The Second Age had lots of big-budget “hot” games made by a handful of big companies. Those games were played on consoles or PCs. It was a simpler time. At the beginning of the Second Age, an Xbox pretty much did only one thing: played games. The Third Age has been beginning for a while now, and media has converged at an alarming rate. For example, the Third Age Xbox (the 360) doesn’t just play games, it is also an interface for accessing other things, like: Netflix; Zune; Facebook; Twitter; your friends; email, etc.

Currently, the Second-Age MMO dinosaurs (WoW, SW: TOR, et al) are still the top of the MMO food chain. But not for long. The Third Age is an Ice Age, with many new emerging and competing interfaces. The next step is the extinction of anything that cannot adapt to the rapidly cooling environment – bye-bye dinosaurs! It’s “Survival of the Fittest”! Right now, the MMO industry still has Second-Age Dinosaur-like sensibilities – big huge warm games with no cross-interface functionality. Sure, there are some Ice-Age features out there (WoW’s Armory; Fallen Earth’s iPhone app; Pocket Legends, etc.), but the genre has steadfastly stuck to its guns. It will be interesting to see how long that lasts, especially when the first “mammalian” MMOs begin to emerge.

The Dinosaurs will have time to react, however, since …

whenever a new gaming interface emerges, you get Tetris.

By this I mean that the first games that appear on any new interface platform are always a step back in complexity. There’s always a version of Tetris amongst the launch titles. I bet someone is making a version for Natal right now. I have no idea why, but it’s good news for the dinosaurs – it gives them some wiggle room before the mammals take over.

Also, whenever there is “technological” convergence, the product is usually worse at its original function. For example, the iPhone isn’t a very useable phone compared to a standard phone; and the original Xbox wasn’t a very useable DVD player. So, it’s not all doom and gloom for the dinosaurs. They will have a production cycle or two to evolve and a choice to make – to become mammals or become extinct. They may take down some rubbish mammals along the way.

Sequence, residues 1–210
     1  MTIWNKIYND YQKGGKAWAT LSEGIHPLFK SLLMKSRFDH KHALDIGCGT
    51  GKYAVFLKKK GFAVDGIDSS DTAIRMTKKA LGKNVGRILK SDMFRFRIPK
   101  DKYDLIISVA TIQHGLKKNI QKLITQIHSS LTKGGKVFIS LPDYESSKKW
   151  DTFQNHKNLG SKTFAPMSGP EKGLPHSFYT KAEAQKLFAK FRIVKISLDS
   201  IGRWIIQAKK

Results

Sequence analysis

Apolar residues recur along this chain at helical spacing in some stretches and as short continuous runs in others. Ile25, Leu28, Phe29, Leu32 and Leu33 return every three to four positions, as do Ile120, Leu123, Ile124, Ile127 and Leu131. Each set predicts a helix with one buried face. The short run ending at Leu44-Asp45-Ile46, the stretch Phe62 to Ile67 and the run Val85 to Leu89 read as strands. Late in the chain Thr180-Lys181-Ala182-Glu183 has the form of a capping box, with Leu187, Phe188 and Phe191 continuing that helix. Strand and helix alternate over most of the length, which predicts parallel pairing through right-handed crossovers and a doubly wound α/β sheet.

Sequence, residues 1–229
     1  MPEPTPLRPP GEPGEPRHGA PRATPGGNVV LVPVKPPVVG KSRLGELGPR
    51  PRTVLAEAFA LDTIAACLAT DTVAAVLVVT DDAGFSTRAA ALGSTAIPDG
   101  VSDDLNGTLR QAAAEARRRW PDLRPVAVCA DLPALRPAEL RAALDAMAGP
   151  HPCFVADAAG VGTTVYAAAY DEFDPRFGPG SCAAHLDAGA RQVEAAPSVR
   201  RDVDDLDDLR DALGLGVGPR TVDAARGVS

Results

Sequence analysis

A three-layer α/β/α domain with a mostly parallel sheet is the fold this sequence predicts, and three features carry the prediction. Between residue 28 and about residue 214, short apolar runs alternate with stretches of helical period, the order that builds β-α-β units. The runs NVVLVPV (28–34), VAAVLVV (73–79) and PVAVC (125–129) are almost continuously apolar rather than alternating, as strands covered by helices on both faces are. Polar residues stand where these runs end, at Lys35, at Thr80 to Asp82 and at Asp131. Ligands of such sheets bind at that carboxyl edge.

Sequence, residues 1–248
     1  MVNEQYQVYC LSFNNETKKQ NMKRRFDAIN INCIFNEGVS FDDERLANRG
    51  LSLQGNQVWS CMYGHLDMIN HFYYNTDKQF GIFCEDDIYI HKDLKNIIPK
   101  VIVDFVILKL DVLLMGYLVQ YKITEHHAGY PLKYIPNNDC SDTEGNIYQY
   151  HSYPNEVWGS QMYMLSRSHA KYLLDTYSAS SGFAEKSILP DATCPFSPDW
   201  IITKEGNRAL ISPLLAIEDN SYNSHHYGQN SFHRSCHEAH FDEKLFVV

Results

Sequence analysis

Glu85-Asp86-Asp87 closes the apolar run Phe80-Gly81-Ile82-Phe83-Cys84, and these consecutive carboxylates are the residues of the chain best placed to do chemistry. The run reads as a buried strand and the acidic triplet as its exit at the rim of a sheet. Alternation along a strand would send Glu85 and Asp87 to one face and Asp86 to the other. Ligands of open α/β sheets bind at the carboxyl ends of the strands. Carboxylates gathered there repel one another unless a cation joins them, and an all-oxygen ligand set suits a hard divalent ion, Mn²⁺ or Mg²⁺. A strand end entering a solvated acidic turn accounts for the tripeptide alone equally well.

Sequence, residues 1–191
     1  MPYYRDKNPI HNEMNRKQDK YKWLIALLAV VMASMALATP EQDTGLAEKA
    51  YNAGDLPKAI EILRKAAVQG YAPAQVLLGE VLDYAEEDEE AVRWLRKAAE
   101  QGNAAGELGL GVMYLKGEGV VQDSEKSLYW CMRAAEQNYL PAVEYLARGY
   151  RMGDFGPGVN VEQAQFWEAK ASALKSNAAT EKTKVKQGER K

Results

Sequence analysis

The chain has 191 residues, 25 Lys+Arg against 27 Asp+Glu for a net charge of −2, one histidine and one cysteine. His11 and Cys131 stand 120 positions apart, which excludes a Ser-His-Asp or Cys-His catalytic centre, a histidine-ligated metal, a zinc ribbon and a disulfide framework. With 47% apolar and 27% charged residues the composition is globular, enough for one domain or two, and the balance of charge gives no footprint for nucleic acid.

The good news for MMOs is that one of the defining characteristics of the Third age is the emergence of digital social networking. This should be good news for games that are massive and multiplayer, right? It will be. Third-Age MMOs will make extensive use of social networking, perhaps even using “friends” as resources. More importantly:

MMOs will stop being defined by the platforms they exist on, and begin being defined by the interfaces that they interact with.

However, one of the problems with MMO dinosaurs is that, due to their mass(ivellyness), they have great momentum – they’re really hard to slow down. This may be their undoing, as smaller more-agile game types will be able to change course (and adapt) and ultimately become MMO mammals years before MMO dinosaurs do. As such, the first Ice Age games won’t be MMOs … or at least not MMOs in any currently recognizable form.

I have no idea what Ice-Age mammalian MMOs will look like or play like. What is important is that we (developers and players alike) realize that this new Age is will be centered around “interface” and the convergence of media. What is certain, however, is that the Ice Age is upon us, and we are beginning to see the first mammals emerging from the snow.


Justin Webb